I owe you an update. You might remember that when we first had Julianna’s kindergarten IEP meeting, back in January, the representative from her elementary school, who knew very little about her, recommended that she be in a self-contained classroom for 65% of the day. I was very upset about this on a number of levels–the most basic being: if the assumption is that kids with disabilities are going to be walled off, and they have to fight their way into the general population by proving they don’t really have a disability, then society is setting them up for remaining behind that wall their whole lives.
Christian and I set up an appointment with the school last spring. He took a day off so we wouldn’t be rushed, and we spent over an hour meeting with people at the school expressing our concerns. Julianna’s peers need to be around her at least as much as she needs to be around them, we stressed. And after all, we’re realistic about her academic future. There are a limited number of skills she needs to learn in order to function in the world: reading, writing, some basic math. And she has thirteen years to learn those skills. What she really needs is to learn how to interact with typically-developing peers–because those are the people she’s going to have to interact with as an adult. We want her schooling to prepare her to live in the community, not behind a wall.
The team was cautious in their response to us–cautious, though supportive in theory. I spent most of the summer thinking I was going to spend this school year skirting the fine line between advocate and pain in the school’s @$$. But about three weeks ago, the head of special ed at the school emailed us and said, “Hey, let’s do this IEP meeting now instead of in September.”
So the day before school started, we had an IEP meeting in Julianna’s classroom at her new school, a meeting that included the principal and a representative from the district (I’m not sure if that second one is standard, but I’m pretty sure the principal’s presence is not). It was a good thing on many levels. Our ideas for goals have solidified in the past few months, for one, and this allowed us to formalize those goals. It also served to introduce us to the team, and best of all, the school was on board with a much greater level of inclusion. They reversed the proportions. Now, Julianna is spending the day in her regular classroom, and being pulled out for PT, OT, and speech therapy, plus adaptive PE and a little bit of extra instructional time. It boils down to this: Julianna’s in a regular ed classroom around 70% of the time.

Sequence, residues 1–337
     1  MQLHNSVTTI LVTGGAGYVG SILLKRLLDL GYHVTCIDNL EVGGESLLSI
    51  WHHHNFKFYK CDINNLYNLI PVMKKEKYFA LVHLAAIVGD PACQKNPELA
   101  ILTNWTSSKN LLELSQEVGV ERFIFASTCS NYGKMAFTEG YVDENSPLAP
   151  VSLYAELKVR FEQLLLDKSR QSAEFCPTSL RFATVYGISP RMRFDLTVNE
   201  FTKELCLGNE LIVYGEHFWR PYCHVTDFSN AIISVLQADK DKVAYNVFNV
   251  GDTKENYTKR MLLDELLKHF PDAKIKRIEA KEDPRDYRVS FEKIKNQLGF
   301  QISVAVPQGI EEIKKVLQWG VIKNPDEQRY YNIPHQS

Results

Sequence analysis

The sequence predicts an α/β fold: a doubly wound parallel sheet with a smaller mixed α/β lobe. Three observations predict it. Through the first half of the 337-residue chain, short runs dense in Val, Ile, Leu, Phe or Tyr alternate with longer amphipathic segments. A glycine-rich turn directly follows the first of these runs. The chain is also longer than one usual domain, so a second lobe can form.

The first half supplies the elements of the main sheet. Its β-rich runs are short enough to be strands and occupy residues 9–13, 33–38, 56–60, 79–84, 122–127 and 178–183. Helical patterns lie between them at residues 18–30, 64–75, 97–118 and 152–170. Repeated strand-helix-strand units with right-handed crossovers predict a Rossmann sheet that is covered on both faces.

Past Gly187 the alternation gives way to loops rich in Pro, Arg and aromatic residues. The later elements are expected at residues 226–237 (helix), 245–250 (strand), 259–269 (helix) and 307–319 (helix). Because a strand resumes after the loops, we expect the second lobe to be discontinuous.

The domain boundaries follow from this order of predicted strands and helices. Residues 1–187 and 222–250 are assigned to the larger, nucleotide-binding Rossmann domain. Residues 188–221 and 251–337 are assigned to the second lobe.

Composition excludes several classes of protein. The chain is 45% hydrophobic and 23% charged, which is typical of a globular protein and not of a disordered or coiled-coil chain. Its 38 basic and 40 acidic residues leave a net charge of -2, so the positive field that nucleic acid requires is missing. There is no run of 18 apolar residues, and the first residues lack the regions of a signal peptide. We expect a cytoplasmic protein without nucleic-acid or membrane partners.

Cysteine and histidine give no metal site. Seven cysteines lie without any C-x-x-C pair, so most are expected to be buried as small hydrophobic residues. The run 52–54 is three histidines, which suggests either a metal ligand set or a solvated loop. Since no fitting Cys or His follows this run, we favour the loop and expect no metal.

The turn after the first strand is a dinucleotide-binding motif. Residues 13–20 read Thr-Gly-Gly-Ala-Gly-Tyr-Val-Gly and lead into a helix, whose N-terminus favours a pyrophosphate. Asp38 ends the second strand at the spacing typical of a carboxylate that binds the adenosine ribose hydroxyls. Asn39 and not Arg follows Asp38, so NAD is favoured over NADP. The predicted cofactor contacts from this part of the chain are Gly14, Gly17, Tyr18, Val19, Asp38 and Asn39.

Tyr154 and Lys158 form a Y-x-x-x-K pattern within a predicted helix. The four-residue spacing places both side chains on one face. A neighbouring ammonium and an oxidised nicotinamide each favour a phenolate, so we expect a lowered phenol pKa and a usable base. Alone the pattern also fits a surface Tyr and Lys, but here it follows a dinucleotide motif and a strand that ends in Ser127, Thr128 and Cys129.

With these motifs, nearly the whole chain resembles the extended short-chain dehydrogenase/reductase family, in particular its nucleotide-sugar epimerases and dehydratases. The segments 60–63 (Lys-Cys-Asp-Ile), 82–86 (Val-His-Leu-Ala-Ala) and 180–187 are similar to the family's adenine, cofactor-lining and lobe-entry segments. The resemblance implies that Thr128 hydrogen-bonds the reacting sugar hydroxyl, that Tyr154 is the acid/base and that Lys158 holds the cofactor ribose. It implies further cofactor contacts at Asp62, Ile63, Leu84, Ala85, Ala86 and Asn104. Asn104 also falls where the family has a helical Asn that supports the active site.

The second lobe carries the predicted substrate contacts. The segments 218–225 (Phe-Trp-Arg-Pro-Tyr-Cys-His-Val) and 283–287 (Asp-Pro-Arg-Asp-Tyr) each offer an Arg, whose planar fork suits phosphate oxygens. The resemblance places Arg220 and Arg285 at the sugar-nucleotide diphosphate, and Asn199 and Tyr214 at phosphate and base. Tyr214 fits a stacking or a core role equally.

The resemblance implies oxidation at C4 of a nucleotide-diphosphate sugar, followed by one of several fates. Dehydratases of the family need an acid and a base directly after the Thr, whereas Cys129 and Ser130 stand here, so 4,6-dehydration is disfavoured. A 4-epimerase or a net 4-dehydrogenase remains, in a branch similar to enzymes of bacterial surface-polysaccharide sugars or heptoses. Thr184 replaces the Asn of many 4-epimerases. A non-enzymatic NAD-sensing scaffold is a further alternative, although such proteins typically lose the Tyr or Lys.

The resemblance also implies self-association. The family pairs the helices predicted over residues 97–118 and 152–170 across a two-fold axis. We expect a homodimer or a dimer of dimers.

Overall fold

I’m very pleased with the school so far. There are the quirks I don’t care for–like the chocolate Teddy grahams at breakfast that first day, and the fact that the bus didn’t even show up yesterday morning (but that’s a problem with the bus company, not the school)–but the feel of the school, and the vibes from the staff, have been 100% positive. Very supportive, very sweet, very professional and empathetic–in a nutshell, everything you could ask for in the people who are going to be working with your child. And I put this out in the e-universe as a word of hope to those who are viewing the transitions with trepidation.